As the Internet continues to expand, so does the wealth of material it contains that may not be the most child-appropriate or educational.
Yet even with this being the case, the Web – with all of its messiness — still provides an invaluable tool for learning, especially as more and more children becoming Web-savvy at an early age and become accustomed to using online resources at the same rate others once adjusted to holding a pencil.
The goal for many parents and educators, of course, is to keep children fixated on the healthy, educational tools to be found online without being distracted by uncensored material in the process.
Enumerated below are a few prominent ways of child-proofing internet access while keeping them focused on educational online venues:
- Do your research. In order to know what and how much to censor, you need a basic understanding of what your child does when browsing the Internet. Search through browsing history, read privacy statements for known user accounts and – more importantly – have a conversation with your child, inquiring about how much time is spent browsing, what they use it for, how they find their information, and whether they have opened any accounts – particularly social media accounts. Having an open dialogue is the first step toward developing a level of trust that goes above and beyond what any Web filter or set of parental controls can offer.
- Parental controls. Every browser has its own version of parental controls. For Windows, look into downloading Windows Live Family Safety, a program intended to sift through content based on the input of a child’s age. More impressive, the program allows for keyword restrictions that are left for you customize. For Internet Explorer, seek the “Content” tab, and use the Content Advisor tool to specify content you wish to restrict, which is determined by common age-restricted categories (drug use, sexual content, etc.) as well as a slider bar that determines extremity of content. Google Chrome’s parental controls, meanwhile, work much like Google itself – see the Google Preferences Page and alter the SafeSearch Filter to your liking. In the case of Firefox, there is no parental controls option, but there is an optional, downloadable “FoxFilter” that sorts through pornography and foul-mouthed Web sites. Much like with Windows Live Family Safety, it offers the option of tailoring browsing restrictions based on select keywords.
- It doesn’t stop with the computer. Children have access to a seemingly endless spectrum of Internet-enabled devices: game consoles, handhelds, tablets, mobile phones – the list goes on and on. Thankfully, most of these devices also offer parental control settings, which can block a child’s ability to play R-rated DVD movies or M-rated video games unsuitable to young children. These settings should also allow for restriction of downloads of videos featuring crude language and violence, as well as access to applications not intended for child consumption. Sadly, not every app on the market is as wholesome or child-friendly as Angry Birds.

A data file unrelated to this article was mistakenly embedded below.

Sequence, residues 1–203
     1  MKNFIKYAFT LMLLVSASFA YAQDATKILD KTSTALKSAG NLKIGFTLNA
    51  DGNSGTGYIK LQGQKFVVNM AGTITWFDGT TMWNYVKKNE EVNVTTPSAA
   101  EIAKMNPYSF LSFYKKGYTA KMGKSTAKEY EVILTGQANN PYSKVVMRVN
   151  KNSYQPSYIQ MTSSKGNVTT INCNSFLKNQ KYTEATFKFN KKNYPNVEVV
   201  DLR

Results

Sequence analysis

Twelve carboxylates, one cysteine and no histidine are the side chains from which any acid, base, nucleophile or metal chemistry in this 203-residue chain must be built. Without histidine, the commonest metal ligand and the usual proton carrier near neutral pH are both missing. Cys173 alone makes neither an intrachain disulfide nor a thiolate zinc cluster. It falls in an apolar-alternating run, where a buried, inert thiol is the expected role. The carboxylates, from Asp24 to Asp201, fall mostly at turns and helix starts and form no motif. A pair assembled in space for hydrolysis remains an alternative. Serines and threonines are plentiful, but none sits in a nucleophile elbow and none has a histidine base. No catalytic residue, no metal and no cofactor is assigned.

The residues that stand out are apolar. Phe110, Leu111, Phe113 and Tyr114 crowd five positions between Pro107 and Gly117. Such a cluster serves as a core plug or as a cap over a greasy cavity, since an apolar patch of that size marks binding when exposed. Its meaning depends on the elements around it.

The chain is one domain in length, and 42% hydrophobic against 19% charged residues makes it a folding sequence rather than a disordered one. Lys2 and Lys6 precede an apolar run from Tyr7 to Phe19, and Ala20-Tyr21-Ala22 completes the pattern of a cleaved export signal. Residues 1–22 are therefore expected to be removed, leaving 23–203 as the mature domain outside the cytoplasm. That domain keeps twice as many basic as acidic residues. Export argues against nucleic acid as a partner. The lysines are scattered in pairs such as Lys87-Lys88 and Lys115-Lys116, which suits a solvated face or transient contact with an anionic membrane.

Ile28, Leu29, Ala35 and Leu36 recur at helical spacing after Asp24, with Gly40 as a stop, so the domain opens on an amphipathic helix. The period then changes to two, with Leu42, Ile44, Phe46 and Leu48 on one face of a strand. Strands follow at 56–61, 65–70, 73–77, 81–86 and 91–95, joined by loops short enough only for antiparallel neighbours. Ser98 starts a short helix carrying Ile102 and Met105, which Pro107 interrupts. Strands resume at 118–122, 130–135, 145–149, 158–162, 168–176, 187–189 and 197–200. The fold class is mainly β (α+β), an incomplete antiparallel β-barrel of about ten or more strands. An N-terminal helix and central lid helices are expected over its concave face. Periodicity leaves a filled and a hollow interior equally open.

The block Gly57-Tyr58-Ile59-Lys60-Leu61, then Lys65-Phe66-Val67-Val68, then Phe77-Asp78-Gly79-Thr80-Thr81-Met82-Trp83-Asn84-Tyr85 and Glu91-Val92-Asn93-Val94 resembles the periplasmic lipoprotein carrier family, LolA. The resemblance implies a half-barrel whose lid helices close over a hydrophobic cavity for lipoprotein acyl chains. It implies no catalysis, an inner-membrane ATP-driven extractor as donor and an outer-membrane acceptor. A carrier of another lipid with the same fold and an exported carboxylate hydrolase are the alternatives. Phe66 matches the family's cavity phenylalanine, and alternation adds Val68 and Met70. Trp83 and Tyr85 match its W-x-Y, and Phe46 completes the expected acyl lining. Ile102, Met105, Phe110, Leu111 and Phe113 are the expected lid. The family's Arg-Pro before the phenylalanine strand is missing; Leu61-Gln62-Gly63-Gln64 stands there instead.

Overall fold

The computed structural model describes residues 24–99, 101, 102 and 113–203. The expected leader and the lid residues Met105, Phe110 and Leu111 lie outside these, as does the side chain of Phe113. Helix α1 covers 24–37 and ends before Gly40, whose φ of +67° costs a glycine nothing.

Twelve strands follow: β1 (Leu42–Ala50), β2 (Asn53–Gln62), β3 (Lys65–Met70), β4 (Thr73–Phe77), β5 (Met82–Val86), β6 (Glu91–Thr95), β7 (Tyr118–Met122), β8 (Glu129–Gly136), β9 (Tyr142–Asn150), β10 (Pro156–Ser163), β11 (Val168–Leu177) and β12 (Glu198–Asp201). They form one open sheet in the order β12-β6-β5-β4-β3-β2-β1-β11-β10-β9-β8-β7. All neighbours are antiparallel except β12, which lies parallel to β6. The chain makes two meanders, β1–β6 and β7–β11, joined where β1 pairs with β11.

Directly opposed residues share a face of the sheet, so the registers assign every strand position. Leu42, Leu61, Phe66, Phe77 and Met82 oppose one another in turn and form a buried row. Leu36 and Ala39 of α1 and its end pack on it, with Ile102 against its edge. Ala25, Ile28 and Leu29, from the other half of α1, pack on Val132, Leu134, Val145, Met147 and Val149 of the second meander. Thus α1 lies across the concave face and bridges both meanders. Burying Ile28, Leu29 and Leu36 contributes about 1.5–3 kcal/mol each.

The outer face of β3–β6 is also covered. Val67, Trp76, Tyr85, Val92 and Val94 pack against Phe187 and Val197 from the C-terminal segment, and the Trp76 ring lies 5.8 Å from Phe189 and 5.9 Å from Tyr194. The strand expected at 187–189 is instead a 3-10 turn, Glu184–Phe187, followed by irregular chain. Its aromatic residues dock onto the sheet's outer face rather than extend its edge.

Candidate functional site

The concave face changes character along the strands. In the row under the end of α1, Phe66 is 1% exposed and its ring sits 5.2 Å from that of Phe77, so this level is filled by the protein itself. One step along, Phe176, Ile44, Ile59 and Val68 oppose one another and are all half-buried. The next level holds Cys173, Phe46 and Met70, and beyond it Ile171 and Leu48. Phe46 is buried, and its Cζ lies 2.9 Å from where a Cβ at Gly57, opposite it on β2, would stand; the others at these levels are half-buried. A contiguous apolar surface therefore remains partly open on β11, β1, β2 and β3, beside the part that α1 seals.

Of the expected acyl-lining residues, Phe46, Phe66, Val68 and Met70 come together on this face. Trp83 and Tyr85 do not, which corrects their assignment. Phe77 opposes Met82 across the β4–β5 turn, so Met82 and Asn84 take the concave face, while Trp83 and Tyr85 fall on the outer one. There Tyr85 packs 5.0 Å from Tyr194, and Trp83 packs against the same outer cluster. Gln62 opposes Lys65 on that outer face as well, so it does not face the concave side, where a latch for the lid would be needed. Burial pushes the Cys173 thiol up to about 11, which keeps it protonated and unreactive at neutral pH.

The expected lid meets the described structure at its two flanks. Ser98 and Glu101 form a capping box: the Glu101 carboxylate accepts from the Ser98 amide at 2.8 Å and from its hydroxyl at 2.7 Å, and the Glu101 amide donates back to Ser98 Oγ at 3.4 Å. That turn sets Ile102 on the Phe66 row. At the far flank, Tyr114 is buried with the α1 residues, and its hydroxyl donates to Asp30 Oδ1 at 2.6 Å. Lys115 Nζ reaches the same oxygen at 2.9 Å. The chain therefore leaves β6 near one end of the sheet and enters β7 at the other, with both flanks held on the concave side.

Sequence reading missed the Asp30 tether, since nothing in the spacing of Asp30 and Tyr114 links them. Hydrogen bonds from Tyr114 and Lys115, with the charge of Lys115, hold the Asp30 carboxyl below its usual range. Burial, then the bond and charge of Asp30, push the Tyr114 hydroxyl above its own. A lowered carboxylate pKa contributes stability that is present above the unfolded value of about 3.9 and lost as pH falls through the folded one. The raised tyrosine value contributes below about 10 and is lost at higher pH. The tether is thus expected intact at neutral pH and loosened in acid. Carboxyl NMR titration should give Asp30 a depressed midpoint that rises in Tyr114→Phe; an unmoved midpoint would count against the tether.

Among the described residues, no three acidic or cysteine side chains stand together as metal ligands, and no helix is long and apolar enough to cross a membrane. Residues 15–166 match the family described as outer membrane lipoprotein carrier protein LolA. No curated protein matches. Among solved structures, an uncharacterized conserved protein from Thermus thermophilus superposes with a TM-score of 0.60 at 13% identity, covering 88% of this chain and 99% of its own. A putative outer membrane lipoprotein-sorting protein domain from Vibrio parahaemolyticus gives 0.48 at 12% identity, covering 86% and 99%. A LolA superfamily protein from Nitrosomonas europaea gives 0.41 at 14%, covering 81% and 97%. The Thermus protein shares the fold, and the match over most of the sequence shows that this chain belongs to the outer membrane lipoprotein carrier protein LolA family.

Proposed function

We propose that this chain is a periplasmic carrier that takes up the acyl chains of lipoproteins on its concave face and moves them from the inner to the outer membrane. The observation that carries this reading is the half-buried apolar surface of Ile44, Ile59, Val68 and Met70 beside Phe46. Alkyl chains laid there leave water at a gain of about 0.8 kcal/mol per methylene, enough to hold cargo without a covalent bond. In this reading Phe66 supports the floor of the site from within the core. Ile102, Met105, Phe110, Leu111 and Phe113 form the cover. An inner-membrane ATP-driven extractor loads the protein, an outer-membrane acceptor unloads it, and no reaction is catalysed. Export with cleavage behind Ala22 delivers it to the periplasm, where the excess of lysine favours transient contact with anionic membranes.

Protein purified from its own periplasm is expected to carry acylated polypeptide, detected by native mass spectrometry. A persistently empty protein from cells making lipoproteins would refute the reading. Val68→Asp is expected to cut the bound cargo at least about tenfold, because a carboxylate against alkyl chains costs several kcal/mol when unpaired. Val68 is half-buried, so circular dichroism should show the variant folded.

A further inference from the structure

- Restrict for the sake of system security. In addition to protecting the psyche of your child, you want to be sure he/she is not partaking in Web activities that put your costly computer at risk. Take advantage of anti-virus security programs and limit download options. With downloads, it would be advised that – in addition to setting technical restrictions – you have a discussion with your child about how to determine if a download is innocent or a potential risk to system security. Their own knowledge could be of great benefit to you going forward, as it eliminates your need to always fine-tune parental controls and craft programs with the mindset that children will always make the wrong decisions. In addition to this, be sure to create a separate user account on the computer for your child to use, to ease the transition from when you use the computer as opposed to when they use it.
The Internet, as daunting and terrifying of a place as it can be for a person with children, doesn’t have to be such a scary place. Try to get your child in the habit of wanting to only seek out educational places on the Web, keeping their attention focused on recreational online activities that are also educational. If given the right alternatives, you may find that your child’s internet usage provides very little need for stringent parental controls.
Brandon Baker wrote this article on behalf of Connect Your Home Cable TV and internet. Brandon is a coffee-loving, Web-savvy journalist living in Philadelphia with an innocent child of his own: his cat George.